Genetic variation supports a causal role for valproate in prevention of ischemic stroke.
BACKGROUND: Valproate is a candidate for ischemic stroke prevention due to its anti-atherosclerotic effects in vivo. Although valproate use is associated with decreased ischemic stroke risk in observational studies, confounding by indication precludes causal conclusions.AIMS: We applied Mendelian randomization to determine whether genetic variants that influence seizure response among valproate users associate with ischemic stroke.METHODS: We derived a genetic score for valproate response using genome-wide association data of seizure response after valproate intake from the Epilepsy Pharmacogenomics Consortium. We then tested this score among valproate users of the UK Biobank for association with incident and recurrent ischemic stroke using Cox proportional hazard models. As replication, we tested found associations in an independent cohort of valproate users of the Mass General Brigham Biobank.RESULTS: Among 2150 valproate users (mean 56 years, 54% females), 82 ischemic strokes occurred over a mean 12 year follow-up. Higher valproate response genetic score was associated with higher serum valproate levels (+5.78 µg/ml per 1 standard deviation (SD), 95% confidence interval (CI) (3.45, 8.11)). After adjusting for age and sex, higher valproate response genetic score was associated with lower ischemic stroke risk (hazard ratio (HR) per 1 SD 0.73, 95% CI (0.58, 0.91)) with a halving of absolute risk in the highest compared to the lowest score tertile (4.8% vs 2.5%, trend = 0.027). Among 194 valproate users with prevalent stroke at baseline, a higher valproate response genetic score was associated with lower recurrent ischemic stroke risk (HR per 1 SD 0.53, 95% CI (0.32, 0.86)) with reduced absolute risk in the highest compared to the lowest score tertile (3/51, 5.9% vs 13/71, 18.3%, trend = 0.026). The valproate response genetic score was not associated with ischemic stroke among the 427,997 valproate non-users ( = 0.61), suggesting minimal pleiotropy. In 1241 valproate users of the Mass General Brigham Biobank with 99 ischemic stroke events over 6.5 years follow-up, we replicated our observed associations between the valproate response genetic score and ischemic stroke (HR per 1 SD 0.77, 95% CI (0.61, 0.97)).CONCLUSION: These results demonstrate that a genetically predicted favorable seizure response to valproate is associated with higher serum valproate levels and reduced ischemic stroke risk among valproate users, providing causal support for valproate effectiveness in ischemic stroke prevention. The strongest effect was found for recurrent ischemic stroke, suggesting potential dual-use benefits of valproate for post-stroke epilepsy. Clinical trials will be required in order to identify populations that may benefit most from valproate for stroke prevention.DATA ACCESS STATEMENT: UK Biobank participant data are available after approval of a research proposal. The weights of the used genetic scores are available in the Supplemental Tables.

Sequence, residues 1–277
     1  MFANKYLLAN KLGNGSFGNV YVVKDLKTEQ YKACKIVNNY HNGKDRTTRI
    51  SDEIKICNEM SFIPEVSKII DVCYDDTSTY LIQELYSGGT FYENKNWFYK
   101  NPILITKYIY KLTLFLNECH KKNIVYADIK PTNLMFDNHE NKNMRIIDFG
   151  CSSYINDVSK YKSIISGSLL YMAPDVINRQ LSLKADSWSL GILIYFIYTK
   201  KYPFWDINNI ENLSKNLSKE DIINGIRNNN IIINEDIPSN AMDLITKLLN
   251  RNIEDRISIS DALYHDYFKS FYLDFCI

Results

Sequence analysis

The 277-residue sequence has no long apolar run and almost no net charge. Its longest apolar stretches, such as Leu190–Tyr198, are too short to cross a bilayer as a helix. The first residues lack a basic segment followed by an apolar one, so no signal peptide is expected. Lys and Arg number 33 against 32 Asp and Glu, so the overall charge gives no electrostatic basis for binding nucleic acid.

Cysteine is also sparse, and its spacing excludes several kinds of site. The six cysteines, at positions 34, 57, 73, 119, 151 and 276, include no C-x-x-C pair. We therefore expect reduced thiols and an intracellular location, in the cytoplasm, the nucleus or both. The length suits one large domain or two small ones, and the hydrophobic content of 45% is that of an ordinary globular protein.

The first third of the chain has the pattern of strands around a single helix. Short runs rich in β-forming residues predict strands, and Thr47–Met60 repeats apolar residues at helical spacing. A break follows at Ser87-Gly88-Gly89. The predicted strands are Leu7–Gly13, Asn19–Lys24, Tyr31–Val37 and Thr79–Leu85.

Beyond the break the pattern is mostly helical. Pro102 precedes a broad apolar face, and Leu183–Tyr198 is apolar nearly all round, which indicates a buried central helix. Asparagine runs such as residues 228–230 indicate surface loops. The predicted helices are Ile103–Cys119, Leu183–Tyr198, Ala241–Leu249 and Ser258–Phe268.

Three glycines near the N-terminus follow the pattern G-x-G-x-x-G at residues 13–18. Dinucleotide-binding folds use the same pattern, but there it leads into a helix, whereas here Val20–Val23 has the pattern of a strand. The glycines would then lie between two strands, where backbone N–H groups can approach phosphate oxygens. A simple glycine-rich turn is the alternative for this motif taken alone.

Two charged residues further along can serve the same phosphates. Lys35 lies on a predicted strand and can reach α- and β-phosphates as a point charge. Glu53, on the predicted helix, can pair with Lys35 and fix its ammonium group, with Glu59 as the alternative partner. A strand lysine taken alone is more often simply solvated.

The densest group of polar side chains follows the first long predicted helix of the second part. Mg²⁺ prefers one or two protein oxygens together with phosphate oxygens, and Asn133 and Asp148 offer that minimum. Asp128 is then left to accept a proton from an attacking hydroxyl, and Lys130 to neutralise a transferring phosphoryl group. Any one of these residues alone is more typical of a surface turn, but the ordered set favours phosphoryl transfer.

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International journal of stroke : official journal of the International Stroke Society